How the Next Wonders of the World Will Be Built in Space

On April 12th, 1961 Yuri Gagarin launched into space on a Vostok rocket from the Baikonur Cosmodrome, becoming the first person ever to leave the planet.

Here’s the crazy thing: today’s astronauts travel to space on a nearly identical rocket, the Soyuz, which went into operation only five years after Gagarin’s historic flight.

Why? While we’ve seen innovations in rockets over the last half-century, the underlying physics of how we get people and things into space has not changed. Chemical propulsion technology is still at the heart of all rockets. It’s what makes rocket science, rocket science.

Getting to space is hard. Just 2% of a rocket is the thing we want in space, the other 98% is the “rocket-stuff” that accelerates the payload and gets it out of Earth’s powerful gravity well.

For a long time, the paradigm of launching big expensive rockets worked well enough because very few things actually needed to get launched into space, and the things that we launched were big and expensive themselves. So the space industry could afford the long lead cycles and absorb the high barriers to entry.

But all that has begun to change over the past several years as new satellite capabilities have emerged and new players have entered the space arena. The industry now has startup companies in Silicon Valley launching more satellites to space than traditional satellite markets.

For the history of space exploration, we have been trying to make rockets bigger, better, faster, cheaper, and reusable to beat the supply chain problem. There is another way to approach this problem, however. What if we didn’t need to launch anything at all?

Manufacturing satellites is a huge business. Annually, it’s a $15 billion market. Currently, the only option for getting these expensive, complex systems into orbit is to launch them on a rocket.

Made In Space, Inc. is approaching this market in a different way that doesn’t involve the traditional hurdles of the current supply chain to space. Over the past six years, the team has been putting together the technological building blocks to make manufacturing of satellites in space possible.

Made in Space’s Additive Manufacturing Facility (AMF), currently on the ISS.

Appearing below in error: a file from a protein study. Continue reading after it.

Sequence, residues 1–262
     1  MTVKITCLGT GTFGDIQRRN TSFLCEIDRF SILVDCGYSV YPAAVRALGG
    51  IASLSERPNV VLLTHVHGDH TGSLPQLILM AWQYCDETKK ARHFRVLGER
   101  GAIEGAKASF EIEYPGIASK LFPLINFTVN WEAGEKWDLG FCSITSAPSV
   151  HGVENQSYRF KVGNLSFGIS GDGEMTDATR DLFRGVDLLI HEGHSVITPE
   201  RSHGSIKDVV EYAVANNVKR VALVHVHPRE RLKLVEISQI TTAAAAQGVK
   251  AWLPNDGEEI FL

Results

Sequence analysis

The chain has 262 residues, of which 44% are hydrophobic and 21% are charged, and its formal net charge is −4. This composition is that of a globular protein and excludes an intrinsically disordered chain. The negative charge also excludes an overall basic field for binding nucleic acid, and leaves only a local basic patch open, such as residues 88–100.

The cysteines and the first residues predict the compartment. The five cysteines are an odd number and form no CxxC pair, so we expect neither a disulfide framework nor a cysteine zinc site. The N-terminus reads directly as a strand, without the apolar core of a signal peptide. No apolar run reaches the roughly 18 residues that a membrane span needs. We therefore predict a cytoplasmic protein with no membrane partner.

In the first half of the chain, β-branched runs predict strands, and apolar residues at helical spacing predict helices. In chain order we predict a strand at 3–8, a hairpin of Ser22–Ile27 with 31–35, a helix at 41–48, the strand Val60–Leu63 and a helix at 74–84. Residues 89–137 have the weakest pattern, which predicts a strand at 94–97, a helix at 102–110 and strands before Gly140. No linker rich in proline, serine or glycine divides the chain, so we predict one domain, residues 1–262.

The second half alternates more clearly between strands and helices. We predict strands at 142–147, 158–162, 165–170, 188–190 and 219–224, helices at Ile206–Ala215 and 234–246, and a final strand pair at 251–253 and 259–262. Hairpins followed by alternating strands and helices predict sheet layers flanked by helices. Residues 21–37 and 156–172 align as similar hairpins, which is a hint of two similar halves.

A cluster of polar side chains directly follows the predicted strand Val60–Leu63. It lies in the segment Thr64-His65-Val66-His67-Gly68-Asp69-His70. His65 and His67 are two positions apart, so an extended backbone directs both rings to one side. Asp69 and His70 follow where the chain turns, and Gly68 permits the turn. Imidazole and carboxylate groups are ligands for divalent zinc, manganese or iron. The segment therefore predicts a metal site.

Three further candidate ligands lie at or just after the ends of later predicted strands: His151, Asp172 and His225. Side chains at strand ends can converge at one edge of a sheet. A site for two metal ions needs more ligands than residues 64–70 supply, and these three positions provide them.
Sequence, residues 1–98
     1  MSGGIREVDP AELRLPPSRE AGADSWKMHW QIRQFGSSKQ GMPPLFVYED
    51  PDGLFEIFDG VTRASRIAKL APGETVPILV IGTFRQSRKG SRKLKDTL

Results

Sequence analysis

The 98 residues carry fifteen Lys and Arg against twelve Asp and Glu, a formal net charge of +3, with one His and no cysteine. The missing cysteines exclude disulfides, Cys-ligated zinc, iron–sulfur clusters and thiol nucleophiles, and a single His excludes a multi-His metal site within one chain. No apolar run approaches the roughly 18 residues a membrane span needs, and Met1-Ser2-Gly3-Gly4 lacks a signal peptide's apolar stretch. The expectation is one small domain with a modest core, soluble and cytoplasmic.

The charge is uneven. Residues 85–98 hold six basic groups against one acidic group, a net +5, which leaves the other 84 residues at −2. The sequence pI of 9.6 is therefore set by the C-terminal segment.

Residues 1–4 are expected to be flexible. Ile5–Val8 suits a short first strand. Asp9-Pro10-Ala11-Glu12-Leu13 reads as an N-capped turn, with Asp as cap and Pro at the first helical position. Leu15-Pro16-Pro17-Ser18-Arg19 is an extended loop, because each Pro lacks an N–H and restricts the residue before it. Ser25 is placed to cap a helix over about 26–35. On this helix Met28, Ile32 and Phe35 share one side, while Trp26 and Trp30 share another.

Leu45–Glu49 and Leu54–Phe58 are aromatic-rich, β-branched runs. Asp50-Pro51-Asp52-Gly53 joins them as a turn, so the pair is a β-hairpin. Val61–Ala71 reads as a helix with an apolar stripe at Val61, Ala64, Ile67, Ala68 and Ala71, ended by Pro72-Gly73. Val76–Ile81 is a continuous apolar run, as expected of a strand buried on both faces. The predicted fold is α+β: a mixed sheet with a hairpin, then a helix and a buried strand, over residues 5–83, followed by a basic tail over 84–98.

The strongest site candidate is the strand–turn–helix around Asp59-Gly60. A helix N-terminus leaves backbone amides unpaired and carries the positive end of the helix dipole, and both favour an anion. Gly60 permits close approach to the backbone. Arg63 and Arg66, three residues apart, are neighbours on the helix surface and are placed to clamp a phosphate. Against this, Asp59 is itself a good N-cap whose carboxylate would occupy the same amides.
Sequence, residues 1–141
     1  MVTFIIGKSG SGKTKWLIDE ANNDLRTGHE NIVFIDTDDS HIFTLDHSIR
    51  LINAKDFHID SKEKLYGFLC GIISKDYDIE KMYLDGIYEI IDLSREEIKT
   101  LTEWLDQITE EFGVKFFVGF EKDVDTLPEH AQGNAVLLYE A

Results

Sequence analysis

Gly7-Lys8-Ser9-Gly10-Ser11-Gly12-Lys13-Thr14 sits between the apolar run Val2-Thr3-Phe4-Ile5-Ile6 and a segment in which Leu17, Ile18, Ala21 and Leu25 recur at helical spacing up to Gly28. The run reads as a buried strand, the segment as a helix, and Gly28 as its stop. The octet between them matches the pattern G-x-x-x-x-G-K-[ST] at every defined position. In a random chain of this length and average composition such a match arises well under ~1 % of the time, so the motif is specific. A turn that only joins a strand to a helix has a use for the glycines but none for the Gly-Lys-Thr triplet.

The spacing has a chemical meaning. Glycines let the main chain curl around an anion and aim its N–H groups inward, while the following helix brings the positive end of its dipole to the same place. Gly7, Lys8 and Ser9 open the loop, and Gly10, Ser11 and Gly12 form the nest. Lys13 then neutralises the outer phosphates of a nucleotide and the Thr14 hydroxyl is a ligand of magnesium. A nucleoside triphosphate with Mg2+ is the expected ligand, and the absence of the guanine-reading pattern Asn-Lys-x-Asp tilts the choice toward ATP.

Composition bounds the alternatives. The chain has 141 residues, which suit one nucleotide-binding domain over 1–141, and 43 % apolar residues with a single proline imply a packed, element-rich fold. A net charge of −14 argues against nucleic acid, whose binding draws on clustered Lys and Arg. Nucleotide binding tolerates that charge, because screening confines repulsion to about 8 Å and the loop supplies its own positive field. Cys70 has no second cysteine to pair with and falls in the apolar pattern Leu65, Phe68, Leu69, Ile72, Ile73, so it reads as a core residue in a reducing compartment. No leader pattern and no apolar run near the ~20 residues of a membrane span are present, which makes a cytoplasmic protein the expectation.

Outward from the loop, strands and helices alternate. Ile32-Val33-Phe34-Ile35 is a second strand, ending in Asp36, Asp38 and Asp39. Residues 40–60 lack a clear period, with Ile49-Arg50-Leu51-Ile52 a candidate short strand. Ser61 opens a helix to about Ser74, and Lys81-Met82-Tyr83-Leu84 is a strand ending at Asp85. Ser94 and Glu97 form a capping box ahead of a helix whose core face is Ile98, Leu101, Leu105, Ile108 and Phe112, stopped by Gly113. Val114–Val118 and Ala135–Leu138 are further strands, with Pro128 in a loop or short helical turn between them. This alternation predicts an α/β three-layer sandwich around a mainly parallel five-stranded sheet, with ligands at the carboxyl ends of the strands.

Today, Made In Space is taking the first steps towards manufacturing satellites in space by using the company’s 3D printer on the International Space Station to make small customized satellites (called CubeSats) on-demand.

Through a program called  Stash and Deploy” a stockpile of satellite components that cannot yet be 3D printed will be stored on the ISS.

As a satellite is needed, specific components will be assembled with 3D printed structural components. The end product? A custom on-demand satellite assembled in space and deployed into orbit.

A future stage of stash and deploy will be the robotic manufacturing and assembly of entire satellite systems in space. Recently, NASA funded Made In Space’s Archinaut Program which will begin the development of a set of capabilities to enable large-scale spacecraft, satellites, and space assets to be manufactured in space.

Making satellites in space unlocks fundamentally new design possibilities. Today’s satellites are designed for launch, but when they are manufactured in space, we will be able to let the conditions of space alone drive the design of our satellites.

What Could We Do If We Didn’t Need to Launch?

Archinaut-progression (1)
Archinaut concept design: building large scale satellites in space.

Imagine for a moment a large space structure, like an antenna, that will never see any environment other than the microgravity of space—it could be incredibly sparse and wispy.

Now, imagine a satellite that never had to be constrained within the cylindrical diameter of a rocket body or survive the loads of launch—it could be perfectly optimized for its mission, maybe being as thin as a sheet of paper to absorb and radiate solar radiation more evenly.

Satellites and space structures like these have never existed because they couldn’t be launched. More importantly, today’s space assets can be drastically improved when the satellite is manufactured in space.

Remote sensing satellites can be made over a hundred meters long to enable synthetic aperture radar that collects new information on our changing planet. Satellites depending on reliable communications, such as GPS and telecommunications, can be made more capable with larger, more customized antennas. A large space-based phased array antenna platform can address new communication markets, such as connecting the world to global broadband from space.